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How the Supreme Court's affirmative action ruling could impact corporate recruiting

Affirmative action ruling could impact hiring
Affirmative action decision sparks concerns about workplace diversity 05:10

Some hiring practices companies have emphasized in recent years to diversify their workforce could have to change following the Supreme Court's ruling last week striking down affirmative action.

Although corporations are already legally prohibited from making hiring and firing decisions based solely on race, the justices' landmark ruling — which bans race-conscious admissions decisions at higher education institutions — could lead employers to revamp their diversity, equity and inclusion (DEI) programs and hiring practices, experts said.

"A lot of companies expanded their diversity programs in the aftermath of the murder of George Floyd in 2020, and in some cases they may have gone a bit too far — they may have crossed a legal line," New York Times workplace reporter Noam Scheiber told CBS News. "And there's a sense that there could be additional legal scrutiny of that, more cases brought by employees who are passed over for a job or a promotion."

"The court has signaled in its recent decision that it could be pretty skeptical of some of these policies," he added. 

The Supreme Court's ruling has no direct legal effect on workplace laws, but it could be problematic for companies already running afoul of existing federal protections against decisions based on protected traits such as a person's race, gender, or age.

"The bottom line is that the SCOTUS decision on affirmative action has no legal effect on workplace law. Hiring and firing decisions cannot be impacted by protected traits, period. This has been the case for a long time," Laura Mattiacci, the lawyer who represented Shannon Phillips, the former Starbucks manager a jury found was fired because she was White, told CBS MoneyWatch. 

Examples of potentially problematic programs include internship opportunities or leadership training programs that are only open to members of a particular race. 

Firms will likely look closely at their DEI initiatives to make sure they're in compliance with the law, according to Scheiber. "I think it's really a concern about potential legal liability. It's less [about] going in the opposite direction than just trying to put your program on the firmest legal ground you can put it on," he added.

Scheiber expects employers to change their approach to diversity from a focus on race to looking at the kinds of obstacles job candidates must overcome. 

"So I think it's less backing away from these programs than trying to find slightly different rationales, putting them on slightly firmer legal footing," he said. 

Former AG Eric Holder says "affirmative action is to take into account one of many things" 08:09

Companies will continue to promote diversity in their workplaces, but the court has made clear that they can't take race into consideration even in the interest of building a more inclusive representative organization, according to Wilk Auslander labor attorney Helen Rella.

"In advent of this decision, employers are faced with a situation where they have to carefully examine the policies and procedures they have in place in terms of hiring and workplace-related decisions," she told CBS MoneyWatch. "The court knocking down affirmative action in admissions was clear in stating that discrimination of any kind is not tolerated."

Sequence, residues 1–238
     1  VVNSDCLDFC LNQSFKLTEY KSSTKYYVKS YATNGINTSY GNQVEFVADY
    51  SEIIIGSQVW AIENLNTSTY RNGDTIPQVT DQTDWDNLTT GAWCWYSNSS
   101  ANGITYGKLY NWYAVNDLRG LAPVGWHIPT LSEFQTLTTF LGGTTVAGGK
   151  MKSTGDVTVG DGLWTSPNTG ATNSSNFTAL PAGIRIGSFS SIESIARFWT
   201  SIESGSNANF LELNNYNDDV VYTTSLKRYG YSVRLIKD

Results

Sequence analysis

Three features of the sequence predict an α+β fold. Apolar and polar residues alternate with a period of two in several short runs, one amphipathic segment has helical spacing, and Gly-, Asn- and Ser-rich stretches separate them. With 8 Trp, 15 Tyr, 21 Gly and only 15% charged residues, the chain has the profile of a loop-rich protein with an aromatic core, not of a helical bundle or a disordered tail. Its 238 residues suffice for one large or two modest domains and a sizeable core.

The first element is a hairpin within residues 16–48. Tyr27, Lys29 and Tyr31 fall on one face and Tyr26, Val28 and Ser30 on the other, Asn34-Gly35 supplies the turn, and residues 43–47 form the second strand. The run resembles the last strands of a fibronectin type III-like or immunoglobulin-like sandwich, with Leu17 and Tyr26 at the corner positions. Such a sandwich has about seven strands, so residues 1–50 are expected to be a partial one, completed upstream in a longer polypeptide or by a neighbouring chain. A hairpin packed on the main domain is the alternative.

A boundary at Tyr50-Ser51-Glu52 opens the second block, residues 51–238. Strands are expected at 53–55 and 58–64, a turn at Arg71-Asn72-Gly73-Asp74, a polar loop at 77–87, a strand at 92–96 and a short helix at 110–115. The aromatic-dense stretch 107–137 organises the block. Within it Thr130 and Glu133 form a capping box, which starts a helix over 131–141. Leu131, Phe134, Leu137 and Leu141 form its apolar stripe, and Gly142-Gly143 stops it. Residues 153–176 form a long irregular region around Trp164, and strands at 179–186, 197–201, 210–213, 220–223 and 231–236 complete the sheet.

DEI efforts "will be scrutinized and employers may elect to modify them to make sure their policies include statements that make clear they're welcoming and treating all employees fairly — and that they promote inclusion of other groups that were previously not included or who were treated unfairly," she added. 

Employers could also add mission statements that say, in effect, that "all employees are treated fairly in the workplace and should be accepted for what they are — their skills and performance — and not based upon any one factor that has nothing to do with your ability to perform a job or function in the workplace," Rella said.

Amazon told CBS News it is considering the potential implications of the SCOTUS decision. Company spokesperson August Aldebot-Green said that while Amazon remains committed to promoting diversity, equity and inclusion, it will consider the impact of legal decisions on its programs and modify them, if necessary, to comply with the law. 

Concerns over ripple effects

Others are concerned that making race-based admissions decisions illegal at colleges and universities will stymie the pipeline of minority graduates applying for jobs at companies across the U.S.

"I think the initial impact we'll see is less consideration of applicants of color exiting the university system into the workplace," Ken Oliver, vice president of, a hiring and background check service, told CBS MoneyWatch. "Fewer students of color will be admitted into universities without race-based admission initiatives. It becomes problematic for the future of the country because higher education has this through line into the workforce of America."

Oliver envisions potential workarounds for companies committed to maintaining diverse workforces, such as recruiting candidates from historically black colleges and universities and from other arenas with large minority populations. 

"Companies with great cultures and DEI practices have seen huge returns on their investments in those," he said. "Those companies that are bold and audacious will keep finding ways to create diverse workforces that represent the fabric of American culture without fear of repercussion."

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